Category Archives: animal welfare

Chopper’s case

Earlier this month, owner Helen Fraser was found not guilty of a single charge – owning a dog that caused serious injury. Now that the initial flurry of social and traditional media coverage has died down, I want to put my thoughts together about what this case means.

This post is entirely my opinion as a Fear Free certified professional; I am not a veterinarian but I work with dogs every day in my canine massage and rehabilitation practice. I specialise in in-home care and my caseload of clients with reactive dogs is steadily increasing. One reason for this is that I receive referrals from a reputable dog training business which recognises that some behaviours may be caused by pain and discomfort. Referrals from previous clients with reactive dogs are also common.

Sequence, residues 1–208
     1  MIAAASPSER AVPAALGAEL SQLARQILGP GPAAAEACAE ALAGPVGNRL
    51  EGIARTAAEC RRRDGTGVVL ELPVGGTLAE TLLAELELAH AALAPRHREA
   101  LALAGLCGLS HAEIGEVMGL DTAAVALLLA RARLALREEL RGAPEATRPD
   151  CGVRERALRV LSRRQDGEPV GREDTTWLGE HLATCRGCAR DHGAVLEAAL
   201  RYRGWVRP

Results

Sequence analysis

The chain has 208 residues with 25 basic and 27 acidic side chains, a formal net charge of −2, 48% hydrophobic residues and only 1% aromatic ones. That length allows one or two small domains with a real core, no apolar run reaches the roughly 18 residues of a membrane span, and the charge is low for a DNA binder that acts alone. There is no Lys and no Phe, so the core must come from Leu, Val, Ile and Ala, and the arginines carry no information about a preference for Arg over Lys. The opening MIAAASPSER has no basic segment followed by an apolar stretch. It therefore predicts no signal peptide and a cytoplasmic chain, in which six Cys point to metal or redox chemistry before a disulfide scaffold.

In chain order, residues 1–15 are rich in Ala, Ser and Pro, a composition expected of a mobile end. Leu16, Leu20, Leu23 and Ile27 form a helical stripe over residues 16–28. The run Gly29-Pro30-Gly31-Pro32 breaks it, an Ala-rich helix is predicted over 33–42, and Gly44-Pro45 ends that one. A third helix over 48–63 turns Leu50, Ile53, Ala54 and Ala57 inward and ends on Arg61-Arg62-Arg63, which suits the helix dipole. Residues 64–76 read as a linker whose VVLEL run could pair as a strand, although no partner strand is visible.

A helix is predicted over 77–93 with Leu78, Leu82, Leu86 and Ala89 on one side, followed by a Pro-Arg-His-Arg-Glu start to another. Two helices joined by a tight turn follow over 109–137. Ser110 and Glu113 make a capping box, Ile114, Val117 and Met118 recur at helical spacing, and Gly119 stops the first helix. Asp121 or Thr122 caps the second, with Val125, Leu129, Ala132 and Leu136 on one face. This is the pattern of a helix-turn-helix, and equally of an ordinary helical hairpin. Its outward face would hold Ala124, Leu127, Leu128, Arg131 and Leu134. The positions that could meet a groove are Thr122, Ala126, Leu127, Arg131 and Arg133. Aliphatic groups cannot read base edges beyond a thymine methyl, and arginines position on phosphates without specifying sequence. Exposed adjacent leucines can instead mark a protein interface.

You can disagree with my opinion. If you do simply be kind, courteous and professional when making comments.

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A brief summary of the case

The charge under the Dog Control Act was laid by the Tauranga District Council after vet Dr Liza Schneider was bitten by Chopper on 14 October 2021 when he was brought to her clinic for de-sexing. Dr Schneider fractured her arm, requiring screws and a plate to fix it, and had consequent nerve and muscle damage.

Dr Schneider was injured badly and no one has disputed that (nor should they). I have great regard for Dr Schneider because she was an early adopter of integrative therapies (her practice is called Holistic Vets). She is the President of the Complementary Medicine branch of the NZ Veterinary Association. She is knowledgeable in her field and is well-respected by her colleagues.